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Bishop Morlino Needs To Force Payment Of Property Taxes For Land In Downtown Madison

February 25, 2016

It is so unseemly when those who have the money to pay their fair share in taxes, as stipulated by law, continue to flaunt the law and think themselves above the rest of us who abide by the norms of society.   That is precisely what the Diocese of Madison continues to do regarding the land where St. Raphael Cathedral once stood.

Once again the pie-in-the sky desire for a huge and costly cathedral in downtown Madison runs counter to the places in the world where Catholic congregations are actually growing and where churches more likely will be constructed.  Maybe this diocese will need to think smaller and more pragmatically when it comes to housing Bishop Molino.  I am sure Morlino will not disagree with living more frugally for the good of the Church.

It is quite clear there is no red hat in Morlino’s future so long as Pope Francis has the power to weed out the weak links of the church.    So Morlino needs to adjust his thinking about lofty building plans on this plot of land.   As he comes to grips with that reality about his future in the church he should also come to understand the duty the diocese has to pay their tax bill.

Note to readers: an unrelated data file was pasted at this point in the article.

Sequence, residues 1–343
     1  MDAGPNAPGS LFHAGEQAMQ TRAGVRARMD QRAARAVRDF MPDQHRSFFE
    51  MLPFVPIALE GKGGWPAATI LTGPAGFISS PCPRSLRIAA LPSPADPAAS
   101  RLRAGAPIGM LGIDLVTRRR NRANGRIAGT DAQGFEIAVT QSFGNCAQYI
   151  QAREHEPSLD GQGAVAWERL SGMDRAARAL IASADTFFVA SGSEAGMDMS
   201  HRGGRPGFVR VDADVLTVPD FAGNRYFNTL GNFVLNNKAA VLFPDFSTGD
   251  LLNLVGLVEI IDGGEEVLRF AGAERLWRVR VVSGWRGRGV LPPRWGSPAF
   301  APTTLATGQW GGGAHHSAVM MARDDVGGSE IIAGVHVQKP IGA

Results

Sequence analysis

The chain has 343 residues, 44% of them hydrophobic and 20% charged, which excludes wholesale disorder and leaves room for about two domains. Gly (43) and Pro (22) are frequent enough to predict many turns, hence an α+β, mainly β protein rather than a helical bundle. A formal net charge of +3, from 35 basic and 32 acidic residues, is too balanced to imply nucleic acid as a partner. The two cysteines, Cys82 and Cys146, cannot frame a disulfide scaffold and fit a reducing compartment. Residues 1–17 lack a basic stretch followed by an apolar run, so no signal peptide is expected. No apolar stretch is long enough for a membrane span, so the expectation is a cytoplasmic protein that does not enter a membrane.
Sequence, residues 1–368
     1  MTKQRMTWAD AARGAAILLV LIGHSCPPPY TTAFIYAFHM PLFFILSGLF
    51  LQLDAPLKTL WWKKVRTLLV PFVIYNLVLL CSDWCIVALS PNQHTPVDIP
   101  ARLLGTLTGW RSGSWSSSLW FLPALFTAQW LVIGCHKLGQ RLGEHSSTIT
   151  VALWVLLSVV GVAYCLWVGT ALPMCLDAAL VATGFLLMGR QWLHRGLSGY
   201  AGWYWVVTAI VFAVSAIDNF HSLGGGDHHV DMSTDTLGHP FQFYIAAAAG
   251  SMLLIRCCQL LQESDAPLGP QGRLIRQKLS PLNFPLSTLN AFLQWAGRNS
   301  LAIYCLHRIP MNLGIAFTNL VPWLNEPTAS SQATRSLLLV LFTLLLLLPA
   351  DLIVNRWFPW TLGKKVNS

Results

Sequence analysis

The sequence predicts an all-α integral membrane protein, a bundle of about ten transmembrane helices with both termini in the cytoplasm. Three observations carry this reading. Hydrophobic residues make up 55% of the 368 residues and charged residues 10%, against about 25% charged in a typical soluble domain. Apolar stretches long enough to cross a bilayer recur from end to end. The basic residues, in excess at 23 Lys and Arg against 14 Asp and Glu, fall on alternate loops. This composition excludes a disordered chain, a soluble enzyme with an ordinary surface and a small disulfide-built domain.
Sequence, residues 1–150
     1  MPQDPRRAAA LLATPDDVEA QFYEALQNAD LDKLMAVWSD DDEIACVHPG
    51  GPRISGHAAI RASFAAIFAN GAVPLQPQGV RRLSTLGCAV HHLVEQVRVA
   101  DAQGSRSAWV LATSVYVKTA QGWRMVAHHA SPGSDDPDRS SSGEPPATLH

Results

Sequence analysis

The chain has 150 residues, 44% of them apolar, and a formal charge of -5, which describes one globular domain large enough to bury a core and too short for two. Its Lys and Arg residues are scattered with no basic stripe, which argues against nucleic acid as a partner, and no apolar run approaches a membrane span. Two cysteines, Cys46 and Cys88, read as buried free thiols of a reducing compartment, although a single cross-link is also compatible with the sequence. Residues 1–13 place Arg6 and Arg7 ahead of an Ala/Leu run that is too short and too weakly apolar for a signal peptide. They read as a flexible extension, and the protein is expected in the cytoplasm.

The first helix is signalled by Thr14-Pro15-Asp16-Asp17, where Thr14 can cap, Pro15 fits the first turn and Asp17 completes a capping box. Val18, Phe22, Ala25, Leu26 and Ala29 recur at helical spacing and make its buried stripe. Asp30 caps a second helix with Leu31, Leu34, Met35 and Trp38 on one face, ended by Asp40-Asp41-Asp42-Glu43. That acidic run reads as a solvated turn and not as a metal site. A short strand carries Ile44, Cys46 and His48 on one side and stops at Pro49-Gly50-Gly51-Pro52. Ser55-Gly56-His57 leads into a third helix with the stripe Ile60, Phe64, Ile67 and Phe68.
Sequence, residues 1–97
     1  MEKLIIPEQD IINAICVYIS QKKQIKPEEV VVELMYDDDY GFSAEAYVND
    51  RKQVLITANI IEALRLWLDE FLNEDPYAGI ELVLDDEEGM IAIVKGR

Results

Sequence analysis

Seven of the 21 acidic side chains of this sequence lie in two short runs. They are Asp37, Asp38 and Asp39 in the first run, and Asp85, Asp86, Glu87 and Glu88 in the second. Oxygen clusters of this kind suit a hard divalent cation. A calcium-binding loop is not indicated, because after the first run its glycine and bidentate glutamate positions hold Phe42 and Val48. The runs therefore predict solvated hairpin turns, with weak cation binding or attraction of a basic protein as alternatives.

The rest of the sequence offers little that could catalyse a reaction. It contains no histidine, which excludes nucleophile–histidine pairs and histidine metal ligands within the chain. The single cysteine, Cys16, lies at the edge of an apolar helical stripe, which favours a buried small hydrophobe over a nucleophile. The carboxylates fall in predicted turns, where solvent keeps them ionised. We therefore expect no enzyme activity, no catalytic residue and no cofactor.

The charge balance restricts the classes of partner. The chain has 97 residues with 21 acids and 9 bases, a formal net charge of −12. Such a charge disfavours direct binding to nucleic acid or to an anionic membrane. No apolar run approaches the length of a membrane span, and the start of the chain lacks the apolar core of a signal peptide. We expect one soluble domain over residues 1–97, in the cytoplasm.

The cathedral on West Main Street, a block from the state Capitol, burned down in 2005 and taxes on the $4 million property have been in dispute for years.

The parcel now contains a park-like display called “Way of the Cross,” commemorating Christ’s path to crucifixion, which the congregation installed to signal that the property still has a religious purpose. 

“That shows continued religious use,” said attorney Matthew Fleming, who’s representing the congregation. “It shows it’s continuing to still be held for the cathedral. But I also still believe that because the property continues to be held and reserved for the purpose of one day constructing a new cathedral for the Madison diocese, that that also provides additional grounds for continuing the exemption.”

The city disagrees.

“The question is, do they really use it for religious purposes, or did they put up some things and say, ‘This is now tax exempt because it has some religious symbols on it,’” said city attorney Mike May. “What do they do with the property as opposed to what they put on it? It’s not as if there’s a church there that they use on a regular basis.”

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